Sunday, December 14, 2014

So You Want to be a Pixar Intern

Nicole Ridgwell and Spectra Sani

This summer, the amazing and talented Nicole Ridgewell and Spectra Sani were two of the privileged Pixar Animation Interns! As Tea Time alum, they humbly agreed to drop by club to share their experiences, and tips on how to structure your reel to be what Pixar is looking for.

Just what does it take to catch the eye of the Pixar Internship Coordinators? Nicole and Spectra tell us it's not just about sitting alone in front of a computer plowing through your animation day in and day out.  Our heroines urge students to get out of their rooms and over to the labs! It's important to be able to socialize with others, and it helps to maintain your sanity when you are inspired by talented friends. Getting into classes with Industry Teachers helps a lot (If you're an AAU student, the Pixar Classes should be your top priority!) Having someone up-to-date with information about the workplaces you are striving for is great leap towards your goals. If you feel that you're not getting the attention or the teaching that you need, try taking a class over at the Animation Collaborative. It's good to supplement your animation classes with  drawing, acting, and story classes to get those creative juices flowing. It's also possible to find all the inspiration you need at your local coffee shop! Make sure you take time to observe (and live) life and it will always add to your work.

When you think you're ready to apply, take a good look at your reel. Make sure you only have your best shots -- it's fine if your reel is short and simple; 2 shots can be enough to do it. Remember: You are always judged by the worst piece in your reel. Create believable characters and only add sound if it adds to the shot. You don't need to have fancy final rendered shots - your pieces can even be work in progress with nothing but some well thought out blocking! Just make sure that your idea is clear and your animation is clean. Use a simple title card to introduce yourself, and always make sure you tailor your reel for the company you are applying to. Pixar probably doesn't want to see something super violent with zombies ripping of people's heads while blood is spurting everywhere. That being said, don't just animate a shot for the purpose of applying to the studio. Instead, work on something you care about; Make it personal and relatable, emote yourself through the character, and people will respond to it.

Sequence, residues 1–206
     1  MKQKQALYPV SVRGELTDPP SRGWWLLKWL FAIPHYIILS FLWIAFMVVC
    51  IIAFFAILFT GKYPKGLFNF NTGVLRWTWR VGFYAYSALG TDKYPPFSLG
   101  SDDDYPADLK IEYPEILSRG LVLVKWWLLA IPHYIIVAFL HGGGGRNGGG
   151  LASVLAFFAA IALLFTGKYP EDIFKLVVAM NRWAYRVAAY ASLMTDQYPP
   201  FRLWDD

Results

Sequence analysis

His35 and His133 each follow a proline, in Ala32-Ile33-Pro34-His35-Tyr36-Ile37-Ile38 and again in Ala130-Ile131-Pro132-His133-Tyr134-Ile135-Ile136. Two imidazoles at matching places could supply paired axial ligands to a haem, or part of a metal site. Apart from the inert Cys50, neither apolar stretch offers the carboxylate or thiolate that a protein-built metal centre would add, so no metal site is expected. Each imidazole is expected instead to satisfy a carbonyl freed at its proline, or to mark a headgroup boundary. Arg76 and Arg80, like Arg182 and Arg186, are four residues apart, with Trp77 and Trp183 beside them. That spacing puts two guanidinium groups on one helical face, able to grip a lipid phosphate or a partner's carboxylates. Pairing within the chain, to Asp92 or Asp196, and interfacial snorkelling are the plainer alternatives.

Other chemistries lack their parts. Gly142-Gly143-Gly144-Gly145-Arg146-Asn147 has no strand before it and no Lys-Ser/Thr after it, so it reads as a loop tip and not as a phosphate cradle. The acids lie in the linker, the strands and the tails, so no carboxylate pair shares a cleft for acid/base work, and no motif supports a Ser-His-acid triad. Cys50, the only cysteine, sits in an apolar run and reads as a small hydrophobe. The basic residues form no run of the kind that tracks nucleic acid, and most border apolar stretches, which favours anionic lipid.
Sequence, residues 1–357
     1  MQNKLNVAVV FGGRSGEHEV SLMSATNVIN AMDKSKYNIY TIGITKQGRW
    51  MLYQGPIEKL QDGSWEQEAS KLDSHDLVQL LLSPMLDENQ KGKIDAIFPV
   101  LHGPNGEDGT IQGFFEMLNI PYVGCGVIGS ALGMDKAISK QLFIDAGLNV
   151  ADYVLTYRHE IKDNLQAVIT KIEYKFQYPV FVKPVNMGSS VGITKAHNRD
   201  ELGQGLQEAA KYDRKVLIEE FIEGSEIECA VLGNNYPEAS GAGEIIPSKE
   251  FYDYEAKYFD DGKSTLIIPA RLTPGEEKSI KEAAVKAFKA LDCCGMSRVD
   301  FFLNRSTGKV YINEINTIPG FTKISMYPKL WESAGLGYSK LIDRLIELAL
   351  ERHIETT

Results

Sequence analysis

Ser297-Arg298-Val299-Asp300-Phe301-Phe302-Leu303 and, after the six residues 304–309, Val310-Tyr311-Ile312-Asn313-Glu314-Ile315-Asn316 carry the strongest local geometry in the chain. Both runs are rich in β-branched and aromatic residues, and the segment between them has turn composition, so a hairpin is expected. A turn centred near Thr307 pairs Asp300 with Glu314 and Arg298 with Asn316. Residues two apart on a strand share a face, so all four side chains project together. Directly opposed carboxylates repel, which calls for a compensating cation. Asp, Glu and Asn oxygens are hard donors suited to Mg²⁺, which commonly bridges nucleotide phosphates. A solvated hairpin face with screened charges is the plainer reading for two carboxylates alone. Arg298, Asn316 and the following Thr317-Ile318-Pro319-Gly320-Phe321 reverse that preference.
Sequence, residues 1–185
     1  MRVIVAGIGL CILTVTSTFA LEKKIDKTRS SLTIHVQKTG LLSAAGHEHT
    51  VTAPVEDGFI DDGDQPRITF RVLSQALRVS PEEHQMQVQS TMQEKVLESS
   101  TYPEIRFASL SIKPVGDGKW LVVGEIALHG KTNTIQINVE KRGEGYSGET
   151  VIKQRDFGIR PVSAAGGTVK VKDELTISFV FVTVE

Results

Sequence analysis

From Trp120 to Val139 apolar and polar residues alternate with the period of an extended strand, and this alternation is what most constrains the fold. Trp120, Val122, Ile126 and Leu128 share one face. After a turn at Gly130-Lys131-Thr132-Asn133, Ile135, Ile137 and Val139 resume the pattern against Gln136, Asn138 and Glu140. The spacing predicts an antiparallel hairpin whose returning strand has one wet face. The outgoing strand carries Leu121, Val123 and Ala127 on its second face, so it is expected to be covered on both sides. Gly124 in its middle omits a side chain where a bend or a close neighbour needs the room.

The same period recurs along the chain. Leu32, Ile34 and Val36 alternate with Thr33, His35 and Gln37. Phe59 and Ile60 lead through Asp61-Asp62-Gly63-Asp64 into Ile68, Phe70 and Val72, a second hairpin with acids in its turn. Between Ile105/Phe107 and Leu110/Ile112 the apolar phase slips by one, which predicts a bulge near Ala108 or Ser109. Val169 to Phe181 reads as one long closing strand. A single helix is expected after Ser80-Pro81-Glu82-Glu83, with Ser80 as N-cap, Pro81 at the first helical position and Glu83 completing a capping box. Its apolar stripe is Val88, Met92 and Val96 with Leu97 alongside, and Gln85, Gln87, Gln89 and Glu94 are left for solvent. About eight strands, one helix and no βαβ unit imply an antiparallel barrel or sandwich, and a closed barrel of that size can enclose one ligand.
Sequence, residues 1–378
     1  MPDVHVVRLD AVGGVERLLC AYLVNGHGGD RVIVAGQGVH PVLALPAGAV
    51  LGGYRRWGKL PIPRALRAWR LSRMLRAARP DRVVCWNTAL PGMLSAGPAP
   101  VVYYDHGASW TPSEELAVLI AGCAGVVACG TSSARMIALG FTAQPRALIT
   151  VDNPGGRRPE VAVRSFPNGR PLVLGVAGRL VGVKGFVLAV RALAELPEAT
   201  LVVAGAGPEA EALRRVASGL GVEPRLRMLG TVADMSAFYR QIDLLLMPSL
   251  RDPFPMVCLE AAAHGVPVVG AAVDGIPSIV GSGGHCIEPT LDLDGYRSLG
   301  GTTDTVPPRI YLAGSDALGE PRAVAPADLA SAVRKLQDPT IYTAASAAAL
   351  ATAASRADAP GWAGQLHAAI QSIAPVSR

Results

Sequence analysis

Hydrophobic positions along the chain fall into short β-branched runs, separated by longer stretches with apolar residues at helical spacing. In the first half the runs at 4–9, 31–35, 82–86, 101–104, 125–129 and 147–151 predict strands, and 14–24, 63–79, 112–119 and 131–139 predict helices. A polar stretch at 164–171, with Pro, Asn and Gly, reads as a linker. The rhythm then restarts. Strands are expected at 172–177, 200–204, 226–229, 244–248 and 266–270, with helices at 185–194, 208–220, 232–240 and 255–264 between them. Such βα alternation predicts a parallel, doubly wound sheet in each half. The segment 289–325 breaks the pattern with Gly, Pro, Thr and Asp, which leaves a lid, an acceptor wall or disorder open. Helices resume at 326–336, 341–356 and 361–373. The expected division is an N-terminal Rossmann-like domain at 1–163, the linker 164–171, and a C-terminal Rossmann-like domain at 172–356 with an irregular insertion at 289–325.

Your reel showcases your work, but your resume and cover letter are effectively the face of your application. Your business papers should be concise and to the point (no one has time to read through the novel of your life), but make sure you have a voice! We should be able to feel your personality through your words, while still maintaining your professionalism. Trust me, they know you're a fanboy or girl, it is not appealing to emphasize this. It is vital to have good spelling and grammar. Always. If you have references, despite how redundant this may seem, make sure that they like you. More importantly, make sure that they know they are going to be a reference! Surprises are only good for parties and gifts, my friends. Always communicate effectively with your network.

So, with all this work, what can you expect from the Internship? On top of many group activities, and and an inevitable plethora of silly outfits, each intern will be assigned a personal mentor to work with for the duration of the summer. The Animation Internship, itself, is a lot like the Pixar classes! You will be doing assignments animating things such as a Lifesaver, the Luxo Lamp, posing exercises, walkcycles, pantomime, and 3 dialogues. Through these assignments you'll learn how to have a clean workflow, create appealing poses, owning confident ideas, making clear choices, and have clear blocking.

Even if you weren't chosen, don't be discouraged and remember to keep in touch. Just because you weren't selected this time around, doesn't mean there isn't a place for you in the future. Without being obnoxious, feel free to reach out every few months and at the end of projects, as it will showcase your continual interest, and (hopefully) your own, personal growth as an artist.

Finally, Pixar is great but it shouldn't be your only goal. There are tons of awesome opportunities out there so go and explore the world. Don't let your ego limit your choices. Don't get discouraged. Don't compare yourself to others. Be awesome, be yourself, and own it.

Happy Animating!

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